Ben Platt reprises his Tony Award winning role in the movie "Dear Evan Hansen." File Photo by Jim Ruymen/UPI | License Photo
LOS ANGELES, Sept. 24 (UPI) -- Ben Platt, who stars as the title character in Dear Evan Hansen, in theaters Friday, said the movie and the Broadway show upon which it is based provoke unexpected reactions.
The story follows Evan Hansen, a teenager with social anxiety disorder who pretends to be the friend of Connor Murphy (Colton Ryan) after Connor dies by suicide.
"I think there's no way to anticipate the emotional reaction that this particular piece always consistently seems to have," Platt said in a Zoom roundtable with reporters.
Platt said when he performed the show on stage in Washington, D.C., in 2015, he could see teenagers in the audience. Platt said he remembered those teenagers returned to bring their parents and discussed the show's themes after the curtain call.
"It seemed to be such a powerful icebreaker," Platt said. "There were just consistent tears and sharing of real difficult emotional conversations afterward."
Platt, who turns 28 Friday, was 27 when he played Evan Hansen in the film. As he was six years older than when he first performed it on stage, Platt said it was more challenging to portray a teenager on film.
"I did lose some weight, shave my face and grew my hair out," Platt said. "I pulled from the same toolbox and instincts as the stage performance and just toned down for the intimacy of the camera."
Platt said he could portray Evan's anxiety on film with subtler gestures than he employed on stage. Evan bites his nails, pulls on his clothes and walks with a hunch.
Evan keeps his situation from his mother, Heidi (Julianne Moore). Heidi works long shifts as a nurse, so she is oblivious to Evan's ruse.
The 60-year-old Moore said Dear Evan Hansen demonstrates why parents need to be patient and wait for their teenagers to open up. Moore said she makes sure to participate in activities with her children -- 19-year-old Liv and 24-year-old Caleb Freundlich -- so she is present when they become comfortable.
"I've seen so many episodes of The Bachelor and Love Island I cannot tell you, because you want to be there for them when they're ready to say something," Moore said. "You need to be in their orbit."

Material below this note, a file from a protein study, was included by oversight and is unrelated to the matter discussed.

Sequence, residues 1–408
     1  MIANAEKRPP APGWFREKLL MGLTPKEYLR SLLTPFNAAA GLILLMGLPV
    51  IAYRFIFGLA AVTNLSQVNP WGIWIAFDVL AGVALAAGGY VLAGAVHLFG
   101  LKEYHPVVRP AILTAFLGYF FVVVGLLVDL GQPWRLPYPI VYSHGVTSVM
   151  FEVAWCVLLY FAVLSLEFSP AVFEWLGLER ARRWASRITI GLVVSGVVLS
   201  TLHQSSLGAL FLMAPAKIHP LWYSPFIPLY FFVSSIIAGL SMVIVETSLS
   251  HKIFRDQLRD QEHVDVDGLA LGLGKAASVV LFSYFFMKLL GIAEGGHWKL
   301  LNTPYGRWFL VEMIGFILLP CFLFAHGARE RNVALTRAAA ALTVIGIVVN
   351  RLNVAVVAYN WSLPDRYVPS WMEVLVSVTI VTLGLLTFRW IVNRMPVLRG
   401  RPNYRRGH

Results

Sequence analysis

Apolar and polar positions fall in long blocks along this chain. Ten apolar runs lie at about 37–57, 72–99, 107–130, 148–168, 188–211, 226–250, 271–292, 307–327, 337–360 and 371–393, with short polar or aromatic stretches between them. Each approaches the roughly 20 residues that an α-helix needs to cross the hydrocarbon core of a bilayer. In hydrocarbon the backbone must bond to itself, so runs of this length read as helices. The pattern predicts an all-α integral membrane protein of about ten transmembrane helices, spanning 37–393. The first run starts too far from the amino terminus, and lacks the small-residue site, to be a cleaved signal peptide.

Moore said she brought her children to see Dear Evan Hansen on stage when Platt was starring. Playing Heidi in the first musical of her career, Moore said she also hopes the film can provoke conversations among families.
"Giving people a place to find their shared humanity is a wonderful thing," Moore said. "In a show like this where it's so much about connection and mental health, that reflection is profound."
Connor's mother, Cynthia (Amy Adams), takes comfort in believing that Connor had a friend. Evan, in turn, becomes afraid to tell the truth, lest he lose the connection and attention of the Murphy family.
"Evan spoke so deeply to me," Adams said. "His message had such a universality to it, this message of wanting to be seen, of feeling like you're always trying."
Adams, 47, previously played a singing Disney princess in Enchanted and shared a duet with Miss Piggy in The Muppets. Adams said Dear Evan Hansen director Stephen Chbosky had to break her of her showstopper habits.
One of Adams' songs is "Requiem," a song the Murphys sing about Connor. Adams said Chbosky reminded her that Cynthia is "singing not to the audience, but singing to my son."
Before Dear Evan Hansen, Platt appeared in the musical comedy Pitch Perfect and its sequel. The 2017 Broadway production of Dear Evan Hansen won five Tony Awards, including one for Best Musical and Platt as Best Lead Actor in a musical.
Since leaving the stage show, Platt has appeared on the Netflix series The Politician and released two solo albums. He said he's grateful he could be the one Dear Evan Hansen stage performer to reprise his role in the film.
"That's a very rare opportunity for someone who performs onstage to get to be the one to then translate it to the screen," Platt said. "I just feel really lucky that I was asked to do that."